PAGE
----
PLATINUM2024

CENTER FOR WHITLEY COUNTY YOUTH INC

Healthy Young People Don't Just Happen!

aka The Center   |   Columbia City, IN   |  www.thecenterwcy.com

Mission

To promote youth development through service, outreach, and collaboration.

Notes from the nonprofit

Our board decided in 2019 to change our fiscal year from a calendar year to July 1- June 30 Fiscal Year. Please don't hesitate to contact us with any questions you might have!

Ruling year info

2008

Executive Director

Mr. Jeff Wike

Main address

201 W Market St

Columbia City, IN 46725 USA

Show more contact info

EIN

20-5993971

NTEE code info

Youth Centers, Clubs, (includes Boys/Girls Clubs)- Multipurpose (O20)

Christian (X20)

Youth Development Programs (O50)

IRS filing requirement

This organization is required to file an IRS Form 990 or 990-EZ.

Sign in or create an account to view Form(s) 990 for 2023, 2022 and 2021.
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Communication

Programs and results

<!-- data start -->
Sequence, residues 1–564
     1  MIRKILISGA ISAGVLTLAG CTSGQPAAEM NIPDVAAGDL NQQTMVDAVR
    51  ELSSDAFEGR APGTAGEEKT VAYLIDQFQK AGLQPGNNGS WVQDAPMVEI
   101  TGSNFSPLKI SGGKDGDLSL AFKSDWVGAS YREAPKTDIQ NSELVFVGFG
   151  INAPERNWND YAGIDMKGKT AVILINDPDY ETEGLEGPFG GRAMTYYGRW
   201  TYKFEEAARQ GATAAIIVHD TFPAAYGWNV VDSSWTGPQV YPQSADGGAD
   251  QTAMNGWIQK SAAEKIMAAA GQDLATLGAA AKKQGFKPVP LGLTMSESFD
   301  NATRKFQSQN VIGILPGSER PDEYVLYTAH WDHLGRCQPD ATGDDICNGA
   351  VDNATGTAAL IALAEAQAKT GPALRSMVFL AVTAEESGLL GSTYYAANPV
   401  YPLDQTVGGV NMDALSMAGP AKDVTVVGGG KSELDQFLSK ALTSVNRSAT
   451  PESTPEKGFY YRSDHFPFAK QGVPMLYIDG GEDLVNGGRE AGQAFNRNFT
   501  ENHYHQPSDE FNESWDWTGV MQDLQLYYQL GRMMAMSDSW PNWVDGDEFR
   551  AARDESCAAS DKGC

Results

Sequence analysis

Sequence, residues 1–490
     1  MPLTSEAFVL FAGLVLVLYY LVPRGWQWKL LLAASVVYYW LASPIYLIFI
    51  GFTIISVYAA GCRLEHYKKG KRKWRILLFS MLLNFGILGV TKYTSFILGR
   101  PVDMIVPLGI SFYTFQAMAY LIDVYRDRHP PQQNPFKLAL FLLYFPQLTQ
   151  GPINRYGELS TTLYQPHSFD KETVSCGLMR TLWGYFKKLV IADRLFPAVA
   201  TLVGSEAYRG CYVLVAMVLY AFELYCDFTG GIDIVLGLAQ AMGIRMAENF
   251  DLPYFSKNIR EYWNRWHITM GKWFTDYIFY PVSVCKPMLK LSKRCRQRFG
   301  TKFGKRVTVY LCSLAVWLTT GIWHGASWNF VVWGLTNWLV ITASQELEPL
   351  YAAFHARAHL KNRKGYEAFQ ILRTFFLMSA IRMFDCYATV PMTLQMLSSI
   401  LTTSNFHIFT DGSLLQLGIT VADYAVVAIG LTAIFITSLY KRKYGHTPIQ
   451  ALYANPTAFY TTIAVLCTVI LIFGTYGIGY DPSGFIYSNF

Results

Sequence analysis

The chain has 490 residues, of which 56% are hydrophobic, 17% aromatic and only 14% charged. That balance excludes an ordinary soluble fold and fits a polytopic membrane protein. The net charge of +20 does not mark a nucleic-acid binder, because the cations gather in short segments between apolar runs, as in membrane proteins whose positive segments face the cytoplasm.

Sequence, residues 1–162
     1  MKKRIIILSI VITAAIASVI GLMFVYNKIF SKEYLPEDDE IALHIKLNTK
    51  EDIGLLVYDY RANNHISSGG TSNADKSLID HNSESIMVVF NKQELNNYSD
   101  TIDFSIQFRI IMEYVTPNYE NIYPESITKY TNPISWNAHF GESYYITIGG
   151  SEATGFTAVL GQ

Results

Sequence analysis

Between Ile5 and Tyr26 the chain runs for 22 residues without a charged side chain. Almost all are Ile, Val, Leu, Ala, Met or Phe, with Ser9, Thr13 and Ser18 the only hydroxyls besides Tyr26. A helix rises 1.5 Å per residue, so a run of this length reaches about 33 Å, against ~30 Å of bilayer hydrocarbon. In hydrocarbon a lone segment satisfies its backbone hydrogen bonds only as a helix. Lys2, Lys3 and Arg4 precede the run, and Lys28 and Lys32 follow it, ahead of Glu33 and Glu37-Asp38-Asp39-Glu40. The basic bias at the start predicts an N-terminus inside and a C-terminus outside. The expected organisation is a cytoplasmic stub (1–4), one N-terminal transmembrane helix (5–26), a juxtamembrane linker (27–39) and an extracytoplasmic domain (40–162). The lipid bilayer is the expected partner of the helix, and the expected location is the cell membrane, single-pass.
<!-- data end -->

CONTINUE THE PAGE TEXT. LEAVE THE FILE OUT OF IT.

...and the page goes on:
What we aim to solve

SOURCE: Self-reported by organization

Problem: Many teens lack an adequate amount of quality relationships with caring community adults, healthy peer environments, and opportunities to grow towards their God-given potential

Our programs

SOURCE: Self-reported by organization

What are the organization's current programs, how do they measure success, and who do the programs serve?

After-School Central

After School Center (ASC) is a community-based, no-cost, after-school initiative designed for 6th to 8th-grade youth. ASC is committed to fostering comprehensive youth development by offering academic support, a safe and monitored environment, and opportunities for recreational engagement, artistic exploration, and interaction with positive adult mentors. Founded in 2005 in Columbia City, Indiana, ASC has since expanded its reach to South Whitley in 2018 and Churubusco in 2020, with the aim of empowering young individuals to achieve their full potential physically, emotionally, mentally, and spiritually.

Population(s) Served
At-risk youth
Adolescents

After School SERVE (SERVE) is a leadership & job mentoring/training program for 9th to 12th-grade students in and around Whitley County, Indiana. SERVE members volunteer to help facilitate the After-School Central (ASC) program for middle school youth and in the process learn to grow their soft skills, employability, and character, as well as practice leadership. Founded in 2007 in Columbia City, Indiana, SERVE has since expanded its reach to South Whitley in 2020 and Churubusco in 2021, with the aim of empowering young people to become the next generation of leaders.